y18 y13 (P Q9 | y19 y1 y0 (1 | A y3 Q31 | C Q25 | D y8 Q34 | T y7 Q34))

Q17 = N y16 Q8

Q20 = 1 | A y3 Q31 | C Q25 | D y8 Q34 | T y7 Q34

Q22 = A y6 y4 Q28 | y5 y4 N y16 Q16

Q25 = A y6 y4 Q31 | y5 y4 T y11 y9 Q34 | y5 y4 y10 y9 V Q38

Q28 = N y16 Q16

Q31 = T y11 y9 Q34 | y10 y9 V Q38

Q34 = V Q38

Q38 = L Q39 | N y15 Q44 | y12 (P Q45 |

y19 y2 y1 (1 | A y3 Q31 | C Q25 | D y8 Q34 | T y7 Q34))

Q39 = B Q42 | y17 y13 (P Q45 |

y19 y2 y1 (1 | A y3 Q31 | C Q25 | D y8 Q34 | T y7 Q34))

Q42 = N y15 Q52

Q44 = A y3 Q53 | C Q49 |

y14 (P Q45 | y19 y2 y1 (1 | A y3 Q31 | C Q25 | D y8 Q34 | T y7 Q34))

Q45 = N y20 y2 y1 Q20

Q49 = A y6 y4 Q53 | y5 y4 N y16 Q44

Q52 = A Q56 | C Q57 |

y18 y13 (P Q45 | y19 y2 y1 (1 | A y3 Q31 | C Q25 | D y8 Q34 | T y7 Q34))

Q53 = N y16 Q44

Q56 = y3 N y16 Q52

Q57 = A y6 y4 Q59 | y5 y4 N y16 Q52

Q59 = N y16 Q52

Factor out the input symbols (this is where the commutativity axtiom comes

into play) and use the notation:

{n1-n2-...-nk} for yn1 yn2 ... ynk

Then the result is the following:

Q1 = V Q2

Q2 = L Q3 | N {15} Q8 | P {12} Q9 | {12-19-1-0} | A {12-19-1-0-3} Q31 |

C {12-19-1-0} Q25 | D {12-19-1-0-8} Q34 | T {12-19-1-0-7} Q34

Q3 = B Q6 | P {17-13} Q9 | {17-13-19-1-0} | A {17-13-19-1-0-3} Q31 |

C {17-13-19-1-0} Q25 | D {17-13-19-1-0-8} Q34 | T {17-13-19-1-0-7} Q34

Q6 = N {15} Q16

Q8 = A ({3} Q17 | {14-19-1-0-3} Q31) | P {14} Q9 | {14-19-1-0} |

C (Q13 | {14-19-1-0} Q25) | D {14-19-1-0-8} Q34 | T {14-19-1-0-7} Q34

Q9 = N {20-2-0} Q20

Q13 = A {6-4} Q17 | N {5-4-16} Q8

Q16 = A ({3} Q28 | {18-13-19-1-0-3} Q31) | P {18-13} Q9 | {18-13-19-1-0} |

C (Q22 | {18-13-19-1-0} Q25) | D {18-13-19-1-0-8} Q34 |

T {18-13-19-1-0-7} Q34

Q17 = N {16} Q8

Q20 = 1 | A {3} Q31 | C Q25 | D {8} Q34 | T {7} Q34

Q22 = A {6-4} Q28 | N {5-4-16} Q16

Q25 = A {6-4} Q31 | T {5-4-11-9} Q34 | V {5-4-10-9} Q38

Q28 = N {16} Q16

Q31 = T {11-9} Q34 | V {10-9} Q38

Q34 = V Q38

Q38 = L Q39 | N {15} Q44 | P {12} Q45 | {12-19-2-1} | A {12-19-2-1-3} Q31 |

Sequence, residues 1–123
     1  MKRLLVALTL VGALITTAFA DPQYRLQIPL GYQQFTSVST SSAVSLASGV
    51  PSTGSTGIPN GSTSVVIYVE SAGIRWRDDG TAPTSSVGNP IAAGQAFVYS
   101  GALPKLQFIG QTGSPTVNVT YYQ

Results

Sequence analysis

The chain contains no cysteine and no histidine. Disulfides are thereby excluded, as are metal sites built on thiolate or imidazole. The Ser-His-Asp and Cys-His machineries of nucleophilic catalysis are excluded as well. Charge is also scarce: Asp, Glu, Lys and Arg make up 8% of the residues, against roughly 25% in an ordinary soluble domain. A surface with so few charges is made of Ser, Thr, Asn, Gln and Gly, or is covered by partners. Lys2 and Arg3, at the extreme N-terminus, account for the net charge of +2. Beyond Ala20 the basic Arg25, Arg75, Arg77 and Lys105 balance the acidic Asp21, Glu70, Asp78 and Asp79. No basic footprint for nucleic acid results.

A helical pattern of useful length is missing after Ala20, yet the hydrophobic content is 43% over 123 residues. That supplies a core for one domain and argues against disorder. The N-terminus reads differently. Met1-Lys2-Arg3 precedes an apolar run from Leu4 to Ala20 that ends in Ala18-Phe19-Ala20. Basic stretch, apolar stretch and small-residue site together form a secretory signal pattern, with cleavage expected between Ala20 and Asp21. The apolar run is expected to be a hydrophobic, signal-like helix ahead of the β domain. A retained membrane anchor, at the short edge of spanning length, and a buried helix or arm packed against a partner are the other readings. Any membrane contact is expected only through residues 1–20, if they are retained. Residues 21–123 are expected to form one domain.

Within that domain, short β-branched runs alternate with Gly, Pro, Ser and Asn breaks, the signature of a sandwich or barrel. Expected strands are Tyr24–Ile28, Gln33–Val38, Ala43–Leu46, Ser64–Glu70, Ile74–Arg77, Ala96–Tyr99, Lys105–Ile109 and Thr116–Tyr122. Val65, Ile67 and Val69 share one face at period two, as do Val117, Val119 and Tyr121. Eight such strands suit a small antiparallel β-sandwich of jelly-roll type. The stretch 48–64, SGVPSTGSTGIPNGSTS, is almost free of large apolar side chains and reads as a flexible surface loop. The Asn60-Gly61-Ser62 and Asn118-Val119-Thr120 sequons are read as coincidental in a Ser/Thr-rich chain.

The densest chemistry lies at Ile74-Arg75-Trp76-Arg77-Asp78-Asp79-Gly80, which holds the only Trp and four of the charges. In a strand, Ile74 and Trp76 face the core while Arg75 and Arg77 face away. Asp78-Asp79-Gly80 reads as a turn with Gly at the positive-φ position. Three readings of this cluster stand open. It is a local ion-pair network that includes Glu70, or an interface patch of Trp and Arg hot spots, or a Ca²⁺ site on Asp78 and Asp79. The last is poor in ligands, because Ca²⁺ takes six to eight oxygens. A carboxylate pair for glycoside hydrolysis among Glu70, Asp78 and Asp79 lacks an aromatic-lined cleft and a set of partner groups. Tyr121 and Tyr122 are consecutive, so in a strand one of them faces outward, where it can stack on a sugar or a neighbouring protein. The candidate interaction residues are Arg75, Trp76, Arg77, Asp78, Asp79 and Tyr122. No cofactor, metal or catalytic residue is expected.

C {12-19-2-1} Q25 | D {12-19-2-1-8} Q34 | T {12-19-2-1-7} Q34

Q39 = B Q42 | P {17-13} Q45 | {17-13-19-2-1} | A {17-13-19-2-1-3} Q31 |

C {17-13-19-2-1} Q25 | D {17-13-19-2-1-8} Q34 | T {17-13-19-2-1-7} Q34

Q42 = N {15} Q52

Q44 = A ({3} Q53 | {14-19-2-1-3} Q31) | C (Q49 | {14-19-2-1} Q25) |

P {14} Q45 | {14-19-2-1} | D {14-19-2-1-8} Q34 | T {14-19-2-1-7} Q34

Q45 = N {20-2-1} Q20

Q49 = A {6-4} Q53 | N {5-4-16} Q44

Q52 = A (Q56 | {18-13-19-2-1-3} Q31) | C (Q57 | {18-13-19-2-1} Q25) |

P {18-13} Q45 | {18-13-19-2-1} | D {18-13-19-2-1-8} Q34 |

T {18-13-19-2-1-7} Q34

Q53 = N {16} Q44

Q56 = N {3-16} Q52

Q57 = A {6-4} Q59 | N {5-4-16} Q52

Q59 = N {16} Q52

The only apparent non-determinisms are the transitions on symbols A

and C in states Q8, Q16, Q44 and Q52.

Q8 = A ({3} Q17 | {14-19-1-0-3} Q31) | C (Q13 | {14-19-1-0} Q25) |...

Q16 = A ({3} Q28 | {18-13-19-1-0-3} Q31) | C (Q22 | {18-13-19-1-0} Q25) |...

Q44 = A ({3} Q53 | {14-19-2-1-3} Q31) | C (Q49 | {14-19-2-1} Q25) |...

Q52 = A (Q56 | {18-13-19-2-1-3} Q31) | C (Q57 | {18-13-19-2-1} Q25) |...

The input symbols for Q31 are T and V, and for Q17, Q28, Q53, and Q56 is

N. So transitions on A are deterministic here. Similarily, the inputs for

Q25 are A, T and V, and for states Q13, Q22, Q49 and Q57 are A and N. This

time there is an apparent non-determinism on a transition on symbol A.

Factoring out the A from each of the 4 subexpressions results in:

Q13 | {14-19-1-0} Q25 = A ({6-4} Q17 | {14-19-1-0-6-4} Q31) | ...

Q22 | {18-13-19-1-0} Q25 = A ({6-4} Q28 | {18-13-19-1-0-6-4} Q31) | ...

Q49 | {14-19-2-1} Q25 = A ({6-4} Q53 | {14-19-2-1-6-4} Q31) | ...

Q57 | {18-13-19-2-1} Q25 = A ({6-4} Q59 | {18-13-19-2-1-6-4} Q31) | ...

Since Q17, Q28, Q53 and Q59 have transitions only on N, and Q31 only on

T and V, everything is deterministic. So the whole finite state machine is

deterministic.

The two layers of factorings done here represent two-lookaheads, so the

input grammar is LR(2). Since the syntax reduces to a form suitable for

a deterministic finite state machine the *parser* language is regular,

not just the *recognizer* language.

There's a lot of redundancy engendered by the repeated substitutions of

subexpressions, but there's ways to deal with that up front...